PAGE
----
Tolerance, Openness and Secularism in Society Are the First Steps to Economic Prosperity, Study Finds

Tolerance, openness and secularism are the first steps towards economic prosperity, according to new research.

Since the Enlightenment began in the eighteenth century, many societies around the world have become wealthier, healthier and more democratic. At the same time, many of those that have seen the biggest change have also become more secular, more open and more tolerant.

This presents a chicken and egg situation—did the cultural values precede the economic boom? Or vice versa?

According to a study recently published in Royal Society Open Science, the strongest argument supports the former. Survey data involving close to half a million people and 109 countries suggests cultural change took place and was swiftly followed by economic prosperity.

Specifically, a two-pronged attack of "secular-rationality" and "cosmopolitanism" was found to predict future growth in GDP per capita as well as increases in democratization and enrollment in secondary education. The reverse was not true: economic growth and education did not predict a society would become more secularly rational or cosmopolitan.

"Cultural values can be viewed as the 'software of society.' We hypothesize that cultural values can be innovated in one place and spread to another," the study's authors wrote.

"Evidence suggests that secular-rationality and cosmopolitanism were likely innovated in post-enlightenment Western Europe."

"Under our hypothesis, these cultural values can then diffuse from one nation's population to another, which occurs more readily between nations that are geographically close or linguistically similar because barriers to communication are lower."

NATO Flags
File photo: NATO flags at the headquarters in Brussels, Belgium. Thierry Monasse/Getty

Scientists identified nine cultural factors, such as secularism, from the World and European values survey (WEVS)—a cross-national longitudinal questionnaire covering almost 100 countries and the vast majority of the world's population since 1981.

By looking at generational responses to the survey, the researchers estimated ratings for each country across the 20th century. The study's authors justified this method with the argument that cultural values are formed in early life. The responses of a person who came of age in the 1930s is, therefore, likely to reflect the values of that period.

From the original nine factors, the team then calculated "secular-rationality" and "cosmopolitan" ratings for each country since 1900.

Secular-rationality positively correlated with secularism, political engagement, low prosociality and high respect for individual rights. Cosmopolitanism positively correlated with a high respect for individual rights and high trust in different groups and people who stray from the social norm.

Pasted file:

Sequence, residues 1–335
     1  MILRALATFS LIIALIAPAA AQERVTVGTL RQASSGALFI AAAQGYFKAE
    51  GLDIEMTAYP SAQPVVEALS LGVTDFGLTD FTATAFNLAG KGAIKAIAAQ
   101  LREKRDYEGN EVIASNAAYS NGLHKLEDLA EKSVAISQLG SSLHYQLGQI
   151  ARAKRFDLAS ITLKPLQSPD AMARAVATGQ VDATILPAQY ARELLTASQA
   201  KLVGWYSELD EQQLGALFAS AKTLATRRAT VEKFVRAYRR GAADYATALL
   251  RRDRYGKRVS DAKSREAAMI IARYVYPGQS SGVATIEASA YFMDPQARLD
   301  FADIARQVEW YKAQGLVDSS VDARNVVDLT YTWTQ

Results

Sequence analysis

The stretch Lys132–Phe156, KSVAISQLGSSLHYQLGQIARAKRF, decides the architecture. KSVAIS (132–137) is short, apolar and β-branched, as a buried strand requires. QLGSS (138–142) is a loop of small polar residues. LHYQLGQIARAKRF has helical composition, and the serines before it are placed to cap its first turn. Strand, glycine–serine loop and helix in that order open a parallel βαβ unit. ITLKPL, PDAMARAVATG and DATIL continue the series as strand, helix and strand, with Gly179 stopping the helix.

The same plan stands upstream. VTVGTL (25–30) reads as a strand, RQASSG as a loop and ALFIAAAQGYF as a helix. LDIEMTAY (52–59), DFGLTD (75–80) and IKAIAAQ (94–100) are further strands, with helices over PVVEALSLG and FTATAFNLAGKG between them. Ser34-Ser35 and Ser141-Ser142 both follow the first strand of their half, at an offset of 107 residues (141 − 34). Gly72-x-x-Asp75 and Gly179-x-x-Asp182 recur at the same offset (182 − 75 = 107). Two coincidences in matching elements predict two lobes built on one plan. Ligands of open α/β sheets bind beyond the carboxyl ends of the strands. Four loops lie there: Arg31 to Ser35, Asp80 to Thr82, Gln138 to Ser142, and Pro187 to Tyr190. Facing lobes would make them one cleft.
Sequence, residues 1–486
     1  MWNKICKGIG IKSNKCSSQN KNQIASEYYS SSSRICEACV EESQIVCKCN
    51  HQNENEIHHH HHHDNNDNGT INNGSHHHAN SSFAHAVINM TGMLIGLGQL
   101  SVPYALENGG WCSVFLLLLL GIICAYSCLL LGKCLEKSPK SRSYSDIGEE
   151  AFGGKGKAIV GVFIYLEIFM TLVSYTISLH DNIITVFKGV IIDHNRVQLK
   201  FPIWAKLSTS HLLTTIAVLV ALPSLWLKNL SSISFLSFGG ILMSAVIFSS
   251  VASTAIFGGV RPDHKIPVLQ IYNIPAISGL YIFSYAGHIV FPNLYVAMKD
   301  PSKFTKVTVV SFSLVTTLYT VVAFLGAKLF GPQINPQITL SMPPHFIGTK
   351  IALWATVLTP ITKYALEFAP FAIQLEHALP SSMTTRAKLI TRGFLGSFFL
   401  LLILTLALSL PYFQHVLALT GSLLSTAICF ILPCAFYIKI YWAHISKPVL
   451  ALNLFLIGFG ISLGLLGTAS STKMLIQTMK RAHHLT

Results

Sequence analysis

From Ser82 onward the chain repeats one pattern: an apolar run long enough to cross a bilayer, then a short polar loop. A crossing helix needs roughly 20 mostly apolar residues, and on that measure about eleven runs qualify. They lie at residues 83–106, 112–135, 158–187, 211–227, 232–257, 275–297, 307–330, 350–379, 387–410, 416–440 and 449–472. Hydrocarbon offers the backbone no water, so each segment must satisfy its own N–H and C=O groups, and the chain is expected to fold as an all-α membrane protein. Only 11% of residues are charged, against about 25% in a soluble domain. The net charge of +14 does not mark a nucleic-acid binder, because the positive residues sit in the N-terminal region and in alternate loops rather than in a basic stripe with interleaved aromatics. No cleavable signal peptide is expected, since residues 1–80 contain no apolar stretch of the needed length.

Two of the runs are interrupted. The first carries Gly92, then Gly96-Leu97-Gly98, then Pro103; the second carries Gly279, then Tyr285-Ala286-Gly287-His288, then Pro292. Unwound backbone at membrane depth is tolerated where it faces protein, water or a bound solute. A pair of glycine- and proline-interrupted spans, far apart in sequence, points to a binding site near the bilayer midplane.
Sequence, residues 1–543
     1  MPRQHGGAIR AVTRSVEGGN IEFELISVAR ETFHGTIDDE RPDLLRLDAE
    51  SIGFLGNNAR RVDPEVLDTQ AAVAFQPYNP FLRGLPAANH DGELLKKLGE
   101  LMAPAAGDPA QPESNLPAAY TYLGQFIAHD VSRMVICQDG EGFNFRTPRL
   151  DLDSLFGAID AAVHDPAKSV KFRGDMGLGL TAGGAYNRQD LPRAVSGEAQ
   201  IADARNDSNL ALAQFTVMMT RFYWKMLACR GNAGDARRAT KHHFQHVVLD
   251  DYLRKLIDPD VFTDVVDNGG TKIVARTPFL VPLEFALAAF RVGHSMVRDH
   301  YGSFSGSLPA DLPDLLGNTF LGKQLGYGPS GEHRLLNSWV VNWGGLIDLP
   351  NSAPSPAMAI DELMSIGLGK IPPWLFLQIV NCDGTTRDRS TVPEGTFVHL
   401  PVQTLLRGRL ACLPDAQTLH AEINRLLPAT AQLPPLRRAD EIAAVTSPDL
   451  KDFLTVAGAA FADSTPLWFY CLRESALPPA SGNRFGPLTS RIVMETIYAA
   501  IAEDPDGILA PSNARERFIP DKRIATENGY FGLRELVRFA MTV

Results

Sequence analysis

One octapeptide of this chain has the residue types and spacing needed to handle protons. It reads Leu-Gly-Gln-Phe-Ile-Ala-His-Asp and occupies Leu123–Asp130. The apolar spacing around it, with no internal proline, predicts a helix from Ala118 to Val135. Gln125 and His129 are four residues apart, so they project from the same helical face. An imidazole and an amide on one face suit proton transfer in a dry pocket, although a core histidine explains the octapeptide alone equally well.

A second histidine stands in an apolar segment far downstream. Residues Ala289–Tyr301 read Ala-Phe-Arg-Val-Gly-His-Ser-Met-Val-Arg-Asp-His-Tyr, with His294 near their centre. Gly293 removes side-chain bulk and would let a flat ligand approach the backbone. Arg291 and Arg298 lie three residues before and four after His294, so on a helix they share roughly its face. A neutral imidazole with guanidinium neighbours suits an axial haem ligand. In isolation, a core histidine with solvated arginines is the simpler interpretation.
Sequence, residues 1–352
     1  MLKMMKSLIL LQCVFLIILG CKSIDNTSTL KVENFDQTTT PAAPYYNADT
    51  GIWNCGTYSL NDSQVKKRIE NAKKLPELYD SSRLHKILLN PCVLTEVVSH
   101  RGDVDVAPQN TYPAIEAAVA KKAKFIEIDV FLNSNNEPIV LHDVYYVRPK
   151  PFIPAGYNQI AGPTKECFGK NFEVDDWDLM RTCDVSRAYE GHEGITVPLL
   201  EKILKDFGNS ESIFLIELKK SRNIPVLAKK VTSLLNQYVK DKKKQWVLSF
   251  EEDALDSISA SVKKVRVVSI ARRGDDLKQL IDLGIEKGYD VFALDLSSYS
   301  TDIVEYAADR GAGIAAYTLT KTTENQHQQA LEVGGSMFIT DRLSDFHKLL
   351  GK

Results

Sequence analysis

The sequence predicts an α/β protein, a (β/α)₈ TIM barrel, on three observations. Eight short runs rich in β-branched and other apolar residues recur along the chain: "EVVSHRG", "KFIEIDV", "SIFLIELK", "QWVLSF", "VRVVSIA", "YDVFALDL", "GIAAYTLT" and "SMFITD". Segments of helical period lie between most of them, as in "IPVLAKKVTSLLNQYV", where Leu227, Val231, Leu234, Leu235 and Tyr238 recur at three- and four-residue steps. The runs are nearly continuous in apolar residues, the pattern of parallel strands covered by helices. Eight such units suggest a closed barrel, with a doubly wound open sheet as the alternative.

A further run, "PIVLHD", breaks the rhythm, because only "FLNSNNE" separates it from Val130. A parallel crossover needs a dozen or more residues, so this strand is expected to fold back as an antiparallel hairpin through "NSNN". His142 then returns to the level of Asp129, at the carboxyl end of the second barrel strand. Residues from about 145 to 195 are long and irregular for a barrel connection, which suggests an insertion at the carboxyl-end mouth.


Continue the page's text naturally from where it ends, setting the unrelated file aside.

According to the study's authors, a person who ranks high on secular-rationality might say: "that religion is important in their lives, that they are likely to attend protests or sign petitions, they only pay taxes when coerced and believe that homosexuality and divorce are justifiable." While an individual who scores high in cosmopolitanism is likely to report: "willingness to have neighbours that are foreign, homosexual, of from another race, as well as believing that homosexuality and divorce are justifiable."

The results suggest that the two together predict future improvements in social and economic development: cosmopolitanism is associated with democracy and secular-rationality is linked to economic development and educational attainment, measured in this instance by secondary school enrollment.

The researchers suggest that valuing cosmopolitanism and, therefore, equality and individuality, is an important prerequisite for a fully-fledged democracy. Meanwhile, a secular-rational culture might spend more time on humanist activities and less time on spiritual activities. But why they appeared when and where they did is anybody's guess.

"Precisely why secular-rationality and cosmopolitanism arose in Western Europe is not known, it could be due do historic institutional innovations or possibly just an accident of history," the study's authors wrote.

In a previous paper looking at culture and democracy, the researchers warned: "Cultural values lead to, rather than follow, the emergence of democracy. This indicates that current stable democracies will be under threat, should cultural values of openness to diversity and institutional confidence substantially decline."

However, Damian Ruck, a post-doctoral fellow at the University of Tennessee who authored both studies, told Newsweek he does not think we are about to witness a reversal of progress made over the last century.

"It is a concern that the world has taken a distinctly uncosmopolitan turn, given the recent success of nationalist politics around the world," said Ruck. "However, the march towards greater cosmopolitanism has been going on for decades—maybe centuries."

"Therefore, given that the current nationalist turn is very recent, I am not yet convinced we are witnessing a permanent reversal in the long-term trend towards cosmopolitanism," he added.

Instead, he hopes that the research highlights the importance of culture in discussions when it comes to international development.

"In other words, ideas matter and they may contribute to increasing wealth, education and democracy," said Ruck. "Another thing to remember is that these ideas are available to everyone."

The article has been updated to include comments from Damian Ruck.

What did we show
An infographic summarizing the study's findings. Ruck DJ, Alexander Bentley R, Lawson DJ. 2020